After 2 hours in the operating room and 3 hours in recovery, the surgery is all done and we’re on the road. My day started out with a small dose of radioactive juice injected near where I had the melanoma spot. The tech rubbed the area to get the juice moving. Then they slid me inside of this machine and they took a 2 minute long picture which shows the juice moving to the closest lymph node area. It could have gone to either my neck or my armpit. The radioactive juice goes to a sentinel node, which is the node responsible for draining. The two ladies who were working on me were super nice and there wasn’t any pain whatsoever in what they were doing. They put a little screen to the side of me so I could see what they were seeing. Linda was in the room with me the whole time. She was the official photographer of the events of the day. They took a total of 3 pictures and on the last one, one of the ladies reached in and marked with a marker where they thought the sentinel node was.
Here’s my scarlet letter.
We finished up with this stage and then we had to wait till 11:30 for the surgery so we had several hours to kill. A couple friends of ours (Thank you Bobbie and Nancy) had suggested that we ask the parking crew and see if they had any RV hook-ups so we could bring the rig and stay there, if need be. They have 2 hook-ups but the guy said it might be a little tight because they are in a regular parking area. He suggested that we park in Lot 6 because the one side was blocked off to have the striping done. So Friday morning, we drove the rig to Lot 6 and parked in the empty lot. Once the radioactive test was done, we went back to the rig to hang out.
At 11:15 we went back across the street to the hospital and my surgery prep started at 11:30.
Debra (as seen in this picture) was my nurse and she is also the charge nurse, responsible for all of the nurses in the day surgery area. Super nice lady ! And she gets an A++ for her putting in the IV line in the back of my hand. That is one of the things I hate the most about surgery cause it hurts when they put it in. Not when Debra does it. So slick…Debra was explaining to us that Univ. of Colorado hospital is a “magnet” hospital, which means the nurses have a big say in what goes on in the hospital. They are not slaves to the doctors, like in most hospitals. The nurses have meetings with the doctors about the care of patients and there are pretty stringent guidelines that have to be met in order to have this distinction and UOC has gotten it for the last 4 years. We’ve been really impressed with the hospital staff and their style of healthcare.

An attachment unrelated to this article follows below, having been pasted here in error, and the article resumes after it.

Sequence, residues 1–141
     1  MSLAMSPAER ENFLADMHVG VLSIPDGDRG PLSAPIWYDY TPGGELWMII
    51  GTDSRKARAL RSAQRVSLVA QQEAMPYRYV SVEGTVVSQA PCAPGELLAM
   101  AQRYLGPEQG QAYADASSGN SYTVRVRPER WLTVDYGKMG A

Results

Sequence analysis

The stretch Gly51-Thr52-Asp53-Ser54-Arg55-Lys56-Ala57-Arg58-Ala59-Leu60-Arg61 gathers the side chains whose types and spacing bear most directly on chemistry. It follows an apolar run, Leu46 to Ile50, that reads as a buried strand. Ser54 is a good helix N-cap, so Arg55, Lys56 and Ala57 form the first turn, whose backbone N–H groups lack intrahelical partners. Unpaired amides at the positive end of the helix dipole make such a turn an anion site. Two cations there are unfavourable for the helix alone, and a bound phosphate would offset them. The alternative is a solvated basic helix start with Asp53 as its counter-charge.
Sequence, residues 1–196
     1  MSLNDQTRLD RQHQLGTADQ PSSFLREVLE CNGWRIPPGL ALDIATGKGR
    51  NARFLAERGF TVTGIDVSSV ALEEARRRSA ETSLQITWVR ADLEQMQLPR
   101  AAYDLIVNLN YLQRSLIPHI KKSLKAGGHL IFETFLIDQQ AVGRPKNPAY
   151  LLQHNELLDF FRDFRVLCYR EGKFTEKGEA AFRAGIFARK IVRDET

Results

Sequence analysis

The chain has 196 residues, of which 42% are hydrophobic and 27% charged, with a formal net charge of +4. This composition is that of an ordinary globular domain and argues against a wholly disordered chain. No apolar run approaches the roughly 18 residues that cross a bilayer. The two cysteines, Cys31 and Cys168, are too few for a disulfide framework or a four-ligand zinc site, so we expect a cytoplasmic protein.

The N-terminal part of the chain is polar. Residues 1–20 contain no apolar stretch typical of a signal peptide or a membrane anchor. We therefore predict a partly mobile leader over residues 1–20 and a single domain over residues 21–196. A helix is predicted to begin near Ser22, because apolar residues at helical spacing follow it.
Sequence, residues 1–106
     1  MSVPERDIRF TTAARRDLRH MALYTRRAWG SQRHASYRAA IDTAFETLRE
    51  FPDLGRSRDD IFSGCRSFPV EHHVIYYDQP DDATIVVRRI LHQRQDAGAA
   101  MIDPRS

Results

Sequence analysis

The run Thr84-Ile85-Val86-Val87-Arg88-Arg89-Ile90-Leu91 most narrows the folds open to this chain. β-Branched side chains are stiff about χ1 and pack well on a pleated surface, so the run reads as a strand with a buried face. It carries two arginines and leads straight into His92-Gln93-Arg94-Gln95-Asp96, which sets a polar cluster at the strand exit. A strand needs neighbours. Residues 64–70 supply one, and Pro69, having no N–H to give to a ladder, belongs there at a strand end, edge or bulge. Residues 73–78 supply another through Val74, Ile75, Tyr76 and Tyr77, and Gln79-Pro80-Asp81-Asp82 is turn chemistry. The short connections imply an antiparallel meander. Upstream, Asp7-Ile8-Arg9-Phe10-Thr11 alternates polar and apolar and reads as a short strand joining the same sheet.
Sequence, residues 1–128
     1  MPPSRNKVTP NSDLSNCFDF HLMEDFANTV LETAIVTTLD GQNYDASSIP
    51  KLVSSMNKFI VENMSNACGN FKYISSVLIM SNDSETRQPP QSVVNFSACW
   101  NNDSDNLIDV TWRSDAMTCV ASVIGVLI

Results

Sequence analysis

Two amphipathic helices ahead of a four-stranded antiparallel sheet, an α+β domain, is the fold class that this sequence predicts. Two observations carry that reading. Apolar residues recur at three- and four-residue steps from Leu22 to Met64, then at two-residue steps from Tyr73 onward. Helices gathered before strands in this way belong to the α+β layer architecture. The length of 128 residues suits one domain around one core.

Here is their mission statement….
My surgery was scheduled for 1:30 but another surgery got put in the schedule so I didn’t go until about 2:45. As Dr. Nicole explained to us, once in the ER she would use a small Geiger counter to locate the radioactive juice. She then inserted a blue dye that would get absorbed by the sentinel node and let her know which one to take out. She actually took 2 nodes out of my armpit and then proceeded to remove any cancer cells that were around the surgical site on my shoulder. Here’s what I wound up with. The cut on my arm is 4.5” long and the one under my arm is about 3” long. All through the process, Linda could track my progress with a color coded system that showed her what stage I was in. My patient number was 142787 so she could watch the monitor in the waiting room to see what was going on.
Here’s the status board patient’s families can track their progress throughout surgery. It’s a really cool system.
My body does not do well with anesthesia. They gave me a anti-nausea patch behind my ear before the surgery and four different meds in my IV with anti-nausea medicine in it but none of them did the trick. They gave me a couple of these dandy barf bags, which I thought made for great hand puppets (they were empty at this point). Finally I was discharged around 8 p.m. and one of the nurses put me in a wheelchair and took me all the way to the rig. What awesome customer service ! We had hoped to get on the road right after surgery but I was in too much pain to tolerate any bumpy roads. we decided to spend the night in the parking lot and we got on the road at 7:30 on Saturday morning. The worst pain is under my arm, since it’s in such a tender spot. I’m surprised how low the incision is….really close to the top of my left breast.
Linda is doing all the driving because just the act of holding the wheel would be very painful to me. I’m in charge of taking naps and doing a whole lot of nothing. Since our bedroom is in the loft, we’ve been pulling out the sleeper sofa so I can get in and out of a regular bed. Much easier than trying to crawl on my hands and knees to get into the loft. Linda drove 500 miles yesterday and we stayed at a truck stop last night. We have 1200 more miles to cover to get back home, in PA. We are in a waiting game again for the pathology report on the lymph nodes they took out. Could be up to 2 weeks before we hear if they got it all or if I will need more treatments. I suspect that if the cancer is found in the lymph nodes, then I will probably have a scan to see if the cancer has gone to any other part of my body. We’re keeping our fingers crossed that they got it all.
Thanks for all the prayers and well wishes that I’ve seen on Facebook and on our blog…it means a lot. I’ll keep you posted as we hear more. Enjoy the rest of your weekend ! I think I hear the couch calling my name so TTYL.